July was a month for unexpected events. In the same day, I received news that the father of one of my colleagues had passed away and that another colleague had to be medically evacuated to South Africa. That was a pretty big blow to CAE’s operational capacity, and as a result of the former event I found myself on a flight from Luanda to Soyo bright and early at 6am on a Sunday morning (following the night of my birthday party...I was not exactly chipper).
The NGO I work for has been contracted to lead a series of business training classes for potential suppliers to Angola LNG, which is the company constructing the country’s first liquid natural gas processing plant. A separate huge project involves building a deepwater port so tankers can export the processed LNG. It’s a big deal, and Soyo is a small town so the impact is visible everywhere. I got to meet the small business owners participating in the training (the week I happened to be there the subject was health and safety standards at work), and noticed a notable drop in the level of sophistication compared to some of the companies we work with in Luanda. Most of them were thrilled to have access to the training courses though, and the level of participation in the courses was high.
Geographically speaking, Soyo is an interesting place. It sits at the point where the Congo River (the world’s 2nd largest in terms of volume) empties into the Atlantic. Across the river, barely visible on the horizon, is the Democratic Republic of the Congo (formerly known as Zaire). The roads in town are mostly fine, sandy dirt that make travel in a 4x4 not just handy but a requirement in some neighborhoods. I have no idea how people get around during the rainy season – some potholes on the unpaved neighborhood roads would be enough to drown my car from back home. On the main road in town ladies hold up large lobsters as long as it takes to sell them. The main type of fish is different here too – large freshwater river fish that you just don’t see in the Luanda markets.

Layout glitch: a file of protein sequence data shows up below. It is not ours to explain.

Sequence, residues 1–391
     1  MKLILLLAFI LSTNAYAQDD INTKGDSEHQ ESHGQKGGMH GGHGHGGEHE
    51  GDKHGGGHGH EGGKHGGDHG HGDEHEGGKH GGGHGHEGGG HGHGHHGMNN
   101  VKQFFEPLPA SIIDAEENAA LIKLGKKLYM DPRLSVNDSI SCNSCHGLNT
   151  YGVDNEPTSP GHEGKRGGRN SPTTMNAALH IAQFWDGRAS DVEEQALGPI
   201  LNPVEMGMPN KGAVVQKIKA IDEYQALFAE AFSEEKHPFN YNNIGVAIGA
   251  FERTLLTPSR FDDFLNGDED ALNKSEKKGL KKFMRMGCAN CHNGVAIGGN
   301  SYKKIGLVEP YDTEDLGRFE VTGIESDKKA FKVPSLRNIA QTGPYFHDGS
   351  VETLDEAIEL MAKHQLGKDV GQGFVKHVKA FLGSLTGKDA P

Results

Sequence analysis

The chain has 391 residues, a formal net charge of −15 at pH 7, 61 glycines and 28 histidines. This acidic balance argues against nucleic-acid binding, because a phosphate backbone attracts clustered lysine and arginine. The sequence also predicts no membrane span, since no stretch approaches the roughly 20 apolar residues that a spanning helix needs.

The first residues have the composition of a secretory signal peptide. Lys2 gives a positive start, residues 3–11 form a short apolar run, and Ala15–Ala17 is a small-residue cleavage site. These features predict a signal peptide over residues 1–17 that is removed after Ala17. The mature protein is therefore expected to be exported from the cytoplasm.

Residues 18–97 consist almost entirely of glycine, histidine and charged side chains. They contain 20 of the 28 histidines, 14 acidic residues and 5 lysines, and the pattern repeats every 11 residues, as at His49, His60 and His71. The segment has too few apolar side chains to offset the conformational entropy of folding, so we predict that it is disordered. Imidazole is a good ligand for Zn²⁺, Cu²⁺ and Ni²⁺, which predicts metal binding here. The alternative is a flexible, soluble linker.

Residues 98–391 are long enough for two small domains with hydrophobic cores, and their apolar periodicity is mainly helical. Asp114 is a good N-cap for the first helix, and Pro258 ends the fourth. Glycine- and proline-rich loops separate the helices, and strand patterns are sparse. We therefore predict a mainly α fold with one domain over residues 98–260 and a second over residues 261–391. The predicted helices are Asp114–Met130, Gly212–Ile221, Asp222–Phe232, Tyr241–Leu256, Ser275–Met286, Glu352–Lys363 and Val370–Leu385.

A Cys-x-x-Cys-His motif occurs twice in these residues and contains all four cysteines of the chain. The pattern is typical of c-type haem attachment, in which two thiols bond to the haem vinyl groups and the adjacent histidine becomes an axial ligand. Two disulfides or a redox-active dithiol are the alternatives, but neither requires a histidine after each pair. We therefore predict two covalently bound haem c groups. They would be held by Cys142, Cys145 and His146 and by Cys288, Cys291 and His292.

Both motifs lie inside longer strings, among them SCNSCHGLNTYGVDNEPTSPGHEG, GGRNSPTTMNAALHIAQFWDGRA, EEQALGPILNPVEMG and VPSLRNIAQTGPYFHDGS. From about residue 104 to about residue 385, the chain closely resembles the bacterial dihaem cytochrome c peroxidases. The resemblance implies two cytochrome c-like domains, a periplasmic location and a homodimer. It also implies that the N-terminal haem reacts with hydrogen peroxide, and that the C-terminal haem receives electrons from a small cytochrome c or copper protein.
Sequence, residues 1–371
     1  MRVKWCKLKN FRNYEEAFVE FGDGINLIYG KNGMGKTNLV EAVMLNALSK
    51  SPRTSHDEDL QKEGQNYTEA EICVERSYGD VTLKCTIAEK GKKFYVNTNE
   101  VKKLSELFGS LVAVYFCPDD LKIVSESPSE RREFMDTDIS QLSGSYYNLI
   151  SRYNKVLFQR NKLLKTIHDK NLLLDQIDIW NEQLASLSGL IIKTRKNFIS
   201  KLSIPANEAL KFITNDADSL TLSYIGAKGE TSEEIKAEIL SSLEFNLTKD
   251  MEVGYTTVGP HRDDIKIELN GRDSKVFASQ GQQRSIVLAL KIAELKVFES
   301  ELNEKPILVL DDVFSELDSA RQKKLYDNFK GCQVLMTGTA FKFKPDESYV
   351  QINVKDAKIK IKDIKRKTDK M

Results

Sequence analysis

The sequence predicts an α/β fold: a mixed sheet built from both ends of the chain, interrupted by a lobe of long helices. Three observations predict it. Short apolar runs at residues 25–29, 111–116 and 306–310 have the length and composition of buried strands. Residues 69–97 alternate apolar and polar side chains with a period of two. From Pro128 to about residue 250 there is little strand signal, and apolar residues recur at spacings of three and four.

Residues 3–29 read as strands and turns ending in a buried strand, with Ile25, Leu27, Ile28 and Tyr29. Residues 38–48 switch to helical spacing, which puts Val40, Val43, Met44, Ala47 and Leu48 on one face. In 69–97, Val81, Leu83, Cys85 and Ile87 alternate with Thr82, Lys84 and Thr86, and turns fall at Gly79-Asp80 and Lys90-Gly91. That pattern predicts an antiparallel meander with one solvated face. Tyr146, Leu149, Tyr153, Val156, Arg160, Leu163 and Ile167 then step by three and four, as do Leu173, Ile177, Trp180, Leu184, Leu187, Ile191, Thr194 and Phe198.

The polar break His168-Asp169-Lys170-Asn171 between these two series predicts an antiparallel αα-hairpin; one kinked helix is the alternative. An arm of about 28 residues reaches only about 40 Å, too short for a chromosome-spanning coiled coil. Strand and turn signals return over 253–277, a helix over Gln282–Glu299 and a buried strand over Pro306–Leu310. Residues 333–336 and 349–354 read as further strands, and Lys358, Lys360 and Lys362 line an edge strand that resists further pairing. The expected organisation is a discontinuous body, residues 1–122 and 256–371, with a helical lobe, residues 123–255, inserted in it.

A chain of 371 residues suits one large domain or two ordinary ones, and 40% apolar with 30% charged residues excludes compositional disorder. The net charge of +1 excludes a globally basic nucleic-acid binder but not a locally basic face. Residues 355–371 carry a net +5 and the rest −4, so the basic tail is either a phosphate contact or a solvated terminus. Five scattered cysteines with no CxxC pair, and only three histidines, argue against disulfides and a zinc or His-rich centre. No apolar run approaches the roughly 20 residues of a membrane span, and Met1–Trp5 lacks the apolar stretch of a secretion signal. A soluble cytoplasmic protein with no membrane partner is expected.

On the other hand, anyone that thinks life in Luanda or Benguela is hard should spend a few days here before complaining. For one thing, the phone and internet connections are horrible. It’s not that the connections are bad, it’s that you can’t make connections in the first place. It took me 20 minutes of continuous attempts to reach my driver to let him know I was done with dinner. The dinner on that occasion was another thing altogether – I waited 90 minutes for my meal to arrive. I hadn’t expected the wait and wasn’t prepared with anything to occupy my time. I tried sending amusing text messages to friends back in Luanda, but the network kept telling me it wasn’t possible. I entertained myself by counting the rats running around the trash heap at the house under construction across the street, and wondering how many of those rats made the trip across the street to visit the kitchen of the restaurant I was frequenting (which I had picked, incidentally, because someone told me it was the best place to eat in Soyo). I discovered a very crude graphics game called “Snakes” on my cell phone and resigned myself to playing it instead. My order arrived eventually and it was actually very good (the bill for my grilled side of chicken and French fries plus a small bottled water came to $25).
The living conditions here are another story altogether. I’ve never seen anthills being formed inside a house before, but the house in Soyo proved there’s a first time for everything. Running water in the house relies on turning on a pump, which frequently breaks (or won’t work when the power is out, which fortunately is not very often). Forget about hot water. It’s quiet though, which is a welcome relief on the weekends compared to Luanda, where lately it seems impossible to escape party noise until after 5am. At least there was that…
It was an interesting day at the market:
The giant baobab is helpful for giving directions:
The aftermath of a day at the market:
Leftovers from the war slowly washing away: